• Fuji Acros Neopan 100:  
    This is the third b/w film I like.  Same properties like the Ilford Delta 100.  I had some exceptional results with this film.  
      Recommended!  Example: Old Lady 

  • ADOX CMS 20:    
    Not used yet, but I have a few rolls waiting to be shot.  This film has a very low ISO rating (12 -20) and is supposed to be extremely sharp.   Can't wait to try this one!

  • Formapan 400:  Didn't like that one.  Heavy grain, small toe and shoulder, and the negatives curl like steel springs.  No Example right now.

Color Film:

  • Kodak Portra 160 NP:  
    Good for scanning due to its high resolution, a bit of a small toe, mellow red / yellow tones (great for skin colors).  Example (Nikon ED9000 Scanner, so the colors are pretty original):  
    Korfu, Greece, at Sidari Point  
  • Kodak Ektar 100:    
    Great and saturated colors, a bit unnatural on skin depending on lighting,  very good dynamics (and toe / shoulder).  Good for long exposure times.  Good for outdoor shots, like startling sunrises or sunsets.  People / light skin needs color corrections.   Good resolution.  Recommended, for my type of photography.  Example: 
    Mercedes Benz
  • Fuji Color Pro 160S:  
    Very similar to the Porta160.  Example:  
    Lamp flood  

  • Fujichrome Provia 100 RDPIII:
    This is a color reversal film, usually for slides.  I like it very much, ideal for landscape, sunsets/rises and architecture shots.  Great resolution, ideal for scanning.  For some reason my batch had a slightly magenta cast on the scans, which can easily be corrected in PS / LR.  It needs a precise exposure, as it is not as forgiving as bw film types (that goes for all color films, I guess).  The medium format film exposures are a joy to look at, I must say. Very sharp and colorful, even without a loupe!   Expensive to buy.  Example:

  • Fujichrome Velvia RVP:
    Another color reversal film for slides.  It as a slightly different color sensitivity.  Colors look not as natural as with the Provia, very saturated and with certain shifts.   Higher contrast.  Needs a careful exposure.  Somehow, it compares to the Provia like the Ektar would compare to the Portra.  Expensive to buy.  My captures have yet to be scanned, so I have not an example in the moment. 

Instant Film:

  • Fuji FP100C (color):    
    Mellow colors, great for people fotography.  It is easy to extract the negative for digitizing.  No way as sharp as a normal MF negative though. But instant has its own charm which is beyond pure sharpness.  I found that I need to overexpose by one stop on a cloudy day, and even 1.5 or 2 in the shade to keep the darks from dropping off.  Small toe and shoulder.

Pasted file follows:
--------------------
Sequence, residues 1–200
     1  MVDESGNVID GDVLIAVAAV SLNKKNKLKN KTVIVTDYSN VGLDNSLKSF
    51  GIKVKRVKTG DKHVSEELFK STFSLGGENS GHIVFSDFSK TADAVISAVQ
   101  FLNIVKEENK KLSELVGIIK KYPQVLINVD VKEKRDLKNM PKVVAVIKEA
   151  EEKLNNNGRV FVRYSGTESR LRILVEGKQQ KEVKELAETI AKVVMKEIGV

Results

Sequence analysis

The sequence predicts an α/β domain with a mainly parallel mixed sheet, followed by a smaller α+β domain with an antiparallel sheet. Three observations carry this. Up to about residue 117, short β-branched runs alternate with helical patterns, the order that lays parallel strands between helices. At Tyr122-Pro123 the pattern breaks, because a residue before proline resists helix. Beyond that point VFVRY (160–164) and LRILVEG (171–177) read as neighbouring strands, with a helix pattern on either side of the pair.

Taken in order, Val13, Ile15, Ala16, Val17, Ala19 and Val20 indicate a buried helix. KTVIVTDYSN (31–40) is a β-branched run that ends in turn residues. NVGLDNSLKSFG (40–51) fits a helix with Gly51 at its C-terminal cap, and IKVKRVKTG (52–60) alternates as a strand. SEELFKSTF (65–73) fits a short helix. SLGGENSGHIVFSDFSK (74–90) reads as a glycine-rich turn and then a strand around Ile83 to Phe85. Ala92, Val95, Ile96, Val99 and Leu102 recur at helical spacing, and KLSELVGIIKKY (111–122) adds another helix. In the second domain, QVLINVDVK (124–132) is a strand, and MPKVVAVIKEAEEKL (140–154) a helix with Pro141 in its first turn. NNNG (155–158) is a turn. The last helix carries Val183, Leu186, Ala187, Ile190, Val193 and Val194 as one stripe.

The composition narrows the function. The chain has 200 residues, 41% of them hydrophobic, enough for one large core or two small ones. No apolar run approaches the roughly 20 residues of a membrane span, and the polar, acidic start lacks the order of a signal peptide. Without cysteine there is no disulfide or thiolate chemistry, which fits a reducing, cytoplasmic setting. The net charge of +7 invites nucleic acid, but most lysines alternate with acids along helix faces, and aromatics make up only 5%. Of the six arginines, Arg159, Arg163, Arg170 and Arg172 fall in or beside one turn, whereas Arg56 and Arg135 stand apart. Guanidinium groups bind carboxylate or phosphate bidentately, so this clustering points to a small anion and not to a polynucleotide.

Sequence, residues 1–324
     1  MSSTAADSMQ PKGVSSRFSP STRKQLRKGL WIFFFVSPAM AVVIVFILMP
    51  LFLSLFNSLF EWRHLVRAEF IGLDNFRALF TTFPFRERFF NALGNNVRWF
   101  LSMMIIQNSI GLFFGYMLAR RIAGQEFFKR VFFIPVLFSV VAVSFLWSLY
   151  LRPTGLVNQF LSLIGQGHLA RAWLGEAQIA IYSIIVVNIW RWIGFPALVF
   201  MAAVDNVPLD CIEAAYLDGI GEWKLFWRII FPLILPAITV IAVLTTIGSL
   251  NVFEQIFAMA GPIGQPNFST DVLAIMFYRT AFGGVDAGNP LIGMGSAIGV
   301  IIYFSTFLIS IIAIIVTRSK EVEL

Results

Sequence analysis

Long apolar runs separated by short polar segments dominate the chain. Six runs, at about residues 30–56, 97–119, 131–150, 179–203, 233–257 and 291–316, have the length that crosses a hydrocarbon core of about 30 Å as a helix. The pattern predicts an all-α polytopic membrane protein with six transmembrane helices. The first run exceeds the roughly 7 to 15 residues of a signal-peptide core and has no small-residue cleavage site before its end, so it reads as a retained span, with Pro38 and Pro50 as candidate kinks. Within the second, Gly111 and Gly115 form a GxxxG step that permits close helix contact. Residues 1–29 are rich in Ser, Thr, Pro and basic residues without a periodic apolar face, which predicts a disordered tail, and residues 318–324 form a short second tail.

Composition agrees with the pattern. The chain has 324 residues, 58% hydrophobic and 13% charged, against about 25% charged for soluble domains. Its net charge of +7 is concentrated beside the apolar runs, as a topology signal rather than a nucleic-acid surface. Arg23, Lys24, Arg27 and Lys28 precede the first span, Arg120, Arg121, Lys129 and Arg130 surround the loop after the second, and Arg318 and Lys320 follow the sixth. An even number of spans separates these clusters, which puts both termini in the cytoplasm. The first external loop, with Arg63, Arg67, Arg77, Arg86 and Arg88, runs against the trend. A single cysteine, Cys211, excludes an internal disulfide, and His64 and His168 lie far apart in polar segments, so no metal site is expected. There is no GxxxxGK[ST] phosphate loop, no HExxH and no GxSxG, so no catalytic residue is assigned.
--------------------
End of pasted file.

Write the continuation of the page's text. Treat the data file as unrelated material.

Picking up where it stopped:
• Fuji FP100B (b/w):      
    Same as above, except that the negative is not as easily extracted.  It seems that the negative is not really fixed after exposure and needs a bath to stop the process. Still have to do some research on that.  Unfortunatly, the FP100B seems to have been discontinued by Fuji.



What makes you lug a very uncomfortable and basic 3.5kg camera around, plus equipment, sometimes all day long.  What makes you bother about buying and developing roll film, bother about exposure, EVs and zones and measuring light with a hand held meter, memorize the DOF of the lenses most used,  keep certain qualities and do's or don'ts of 10 or so different films in ones mind, re-read Ansel Adams books and others for the x-th time, and go through the complex workflow of transforming the negatives into prints or digital copies?  And this in our days of high tech gadgets, convenient and comfortable to use, designed to speed everything up and generate a high output and better efficiency.
Well that's exactly my point.  I don't want to be on that comfortable and automatic high speed trip.  I like the challenge of digging down into the basics, to learn new aspects and use that knowledege on every capture I shoot. I want to be slow and involved, immersed in every possible step of the process, and if the outcome meets my expectations, I get a huge gain out of it.  Every time I hold one of these analog negatives in my hands.
A little film I discovered a few weeks ago pretty much sums it up, and if you, the reader, feel inclined you might want to have a look at it:

Title:  Long live film!